A property of a physical system, such as the entropy of a gas, that stays approximately constant when changes occur slowly is called an adiabatic invariant. By this it is meant that if a system is varied between two end points, as the time for the variation between the end points is increased to infinity, the variation of an adiabatic invariant between the two end points goes to zero.

${\displaystyle {\frac {\partial }{\partial t}}{\mathcal {A}}+{\boldsymbol {\nabla }}\cdot {\boldsymbol {\mathcal {B}}}=0,}$

where ${\displaystyle {\boldsymbol {\mathcal {B}}}}$ is the wave-action density flux and ${\displaystyle {\boldsymbol {\nabla }}\cdot {\boldsymbol {\mathcal {B}}}}$ is the divergence of ${\displaystyle {\boldsymbol {\mathcal {B}}}}$. The description of waves in inhomogeneous and moving media was further elaborated by Bretherton & Garrett (1968) for the case of small-amplitude waves; they also called the quantity wave action (by which name it has been referred to subsequently). For small-amplitude waves the conservation of wave action becomes: [3] [4]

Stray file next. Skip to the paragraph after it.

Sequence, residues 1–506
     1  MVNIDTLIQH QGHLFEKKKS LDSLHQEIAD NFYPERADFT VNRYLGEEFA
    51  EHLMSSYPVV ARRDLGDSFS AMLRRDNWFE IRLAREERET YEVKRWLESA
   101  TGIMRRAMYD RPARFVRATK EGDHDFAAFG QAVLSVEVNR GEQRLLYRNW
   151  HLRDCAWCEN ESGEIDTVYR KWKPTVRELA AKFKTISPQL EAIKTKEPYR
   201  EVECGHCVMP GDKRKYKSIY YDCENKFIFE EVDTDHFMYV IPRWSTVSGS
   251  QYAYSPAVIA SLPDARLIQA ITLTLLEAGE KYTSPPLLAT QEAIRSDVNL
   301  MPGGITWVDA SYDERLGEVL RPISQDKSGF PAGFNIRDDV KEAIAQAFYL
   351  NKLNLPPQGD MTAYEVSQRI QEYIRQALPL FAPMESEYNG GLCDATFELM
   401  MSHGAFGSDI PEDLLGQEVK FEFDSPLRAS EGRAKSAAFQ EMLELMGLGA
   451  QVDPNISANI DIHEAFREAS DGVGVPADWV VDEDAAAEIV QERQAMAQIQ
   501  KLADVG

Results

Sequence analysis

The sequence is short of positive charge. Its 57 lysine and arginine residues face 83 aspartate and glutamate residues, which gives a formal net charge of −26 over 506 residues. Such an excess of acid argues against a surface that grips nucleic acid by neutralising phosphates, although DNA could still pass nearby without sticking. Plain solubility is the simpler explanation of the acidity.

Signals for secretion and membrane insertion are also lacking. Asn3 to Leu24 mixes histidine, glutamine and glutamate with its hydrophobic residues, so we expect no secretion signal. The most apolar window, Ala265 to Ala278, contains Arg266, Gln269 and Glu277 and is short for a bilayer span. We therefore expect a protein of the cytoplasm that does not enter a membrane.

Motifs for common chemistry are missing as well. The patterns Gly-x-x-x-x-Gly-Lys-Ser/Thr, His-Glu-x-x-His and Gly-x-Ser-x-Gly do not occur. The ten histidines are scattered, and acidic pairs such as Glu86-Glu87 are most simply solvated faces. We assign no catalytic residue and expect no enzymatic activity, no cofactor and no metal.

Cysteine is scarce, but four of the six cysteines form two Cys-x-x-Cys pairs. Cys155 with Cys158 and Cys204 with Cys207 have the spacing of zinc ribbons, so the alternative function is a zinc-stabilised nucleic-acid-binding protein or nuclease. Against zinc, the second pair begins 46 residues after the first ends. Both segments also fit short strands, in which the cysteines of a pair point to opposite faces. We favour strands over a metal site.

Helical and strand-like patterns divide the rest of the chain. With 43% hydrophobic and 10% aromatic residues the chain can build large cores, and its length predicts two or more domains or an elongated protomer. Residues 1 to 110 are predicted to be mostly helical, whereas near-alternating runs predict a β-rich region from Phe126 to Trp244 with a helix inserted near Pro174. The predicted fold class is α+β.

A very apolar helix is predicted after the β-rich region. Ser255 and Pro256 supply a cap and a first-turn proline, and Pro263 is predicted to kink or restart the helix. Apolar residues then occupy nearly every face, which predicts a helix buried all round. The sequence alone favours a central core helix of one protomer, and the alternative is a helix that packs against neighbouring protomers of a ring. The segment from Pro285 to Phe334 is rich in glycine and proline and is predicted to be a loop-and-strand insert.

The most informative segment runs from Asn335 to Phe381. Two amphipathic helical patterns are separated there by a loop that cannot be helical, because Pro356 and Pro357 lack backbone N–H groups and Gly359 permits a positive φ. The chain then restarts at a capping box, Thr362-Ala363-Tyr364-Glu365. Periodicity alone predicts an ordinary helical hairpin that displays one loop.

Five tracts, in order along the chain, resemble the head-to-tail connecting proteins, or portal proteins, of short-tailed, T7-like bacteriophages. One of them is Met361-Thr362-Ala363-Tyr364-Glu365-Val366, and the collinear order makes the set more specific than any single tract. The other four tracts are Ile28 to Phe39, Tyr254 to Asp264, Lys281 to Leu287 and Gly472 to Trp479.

Flux describes any effect that appears to pass or travel through a surface or substance. A flux is either a concept based in physics or used with applied mathematics. Both concepts have mathematical rigor, enabling comparison of the underlying mathematics when the terminology is unclear. For transport phenomena, flux is a vector quantity, describing the magnitude and direction of the flow of a substance or property. In electromagnetism, flux is a scalar quantity, defined as the surface integral of the component of a vector field perpendicular to the surface at each point.